Korokoro flood warning project

Ethan Coulston - Greater Wellington Regional Council , 20 April, 2020

In December of 2016, Greater Wellington Regional Council (GWRC) was requested by the New Zealand Transport Agency (NZTA) to provide flood warning services in the Korokoro Stream catchment which is located at the north-west end of Petone, Wellington.

Flood warning services were required due to the state highway 2 (SH2) downstream being susceptible to inundation by the Korokoro stream, causing road closures (for example two major floods occurred in 1976 and 2015.

Flooding occurs because the Korokoro stream is confined by a culvert running under a local factory. Provided it is clear of gravel build-up and debris; the culvert has a capacity of 37.5 m3/s. During large floods the carrying capacity of this culvert is exceeded and flooding occurs.

It was intended for flood warning to be provided through the installation of a flood warning network and the subsequent analysis of flood peak timing, to provide a predictive timeframe for when highway downstream should be closed.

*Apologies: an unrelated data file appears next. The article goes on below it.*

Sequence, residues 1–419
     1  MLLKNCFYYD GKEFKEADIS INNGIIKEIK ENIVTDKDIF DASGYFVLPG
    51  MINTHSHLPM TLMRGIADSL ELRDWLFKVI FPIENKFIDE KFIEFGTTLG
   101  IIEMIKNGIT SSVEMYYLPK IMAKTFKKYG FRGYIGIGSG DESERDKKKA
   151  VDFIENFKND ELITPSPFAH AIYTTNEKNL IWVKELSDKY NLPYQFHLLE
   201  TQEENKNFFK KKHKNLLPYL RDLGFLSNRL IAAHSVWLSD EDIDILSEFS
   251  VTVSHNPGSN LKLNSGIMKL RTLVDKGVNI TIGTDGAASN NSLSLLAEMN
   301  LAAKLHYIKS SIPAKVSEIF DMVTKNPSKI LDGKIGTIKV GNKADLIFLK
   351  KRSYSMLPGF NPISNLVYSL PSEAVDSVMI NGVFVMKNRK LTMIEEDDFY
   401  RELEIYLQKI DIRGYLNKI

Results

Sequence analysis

The Korokoro flood warning network consists of two sites; a raingauge in the upper Korokoro stream catchment and a water level site in the lower catchment main-stem, on a historic dam.

The network is designed to provide as much warning as practicable for the SH2/Cornish street hotspot. The upper catchment raingauge was intended to provide early warning of heavy rain actually falling in either of the main sub-catchments and provide confirmation of Metservice (New Zealand’s Bureau of meteorology) issued warnings. The river level site is intended to provide confirmation of a physical rise in water level in the stream and the magnitude of the rise. A temporary water level sensor was also installed, for the first year, in the vicinity of Cornish Street to provide data for analysis of travel times of flood peaks within the catchment.

As a newly employed Environmental Monitoring Officer with roughly 6 months of experience, this project was assigned to me so I could learn a number of core aspects of field hydrology (raingauges, bubble water level sensors, pressure transducers, site installs etc.) in a single project. I was thrown in the deep end if you will!

This article will contain all of the aspects of this project (planning, execution, analysis, reflection etc.) and encompasses all of the fundamentals of surface water hydrology.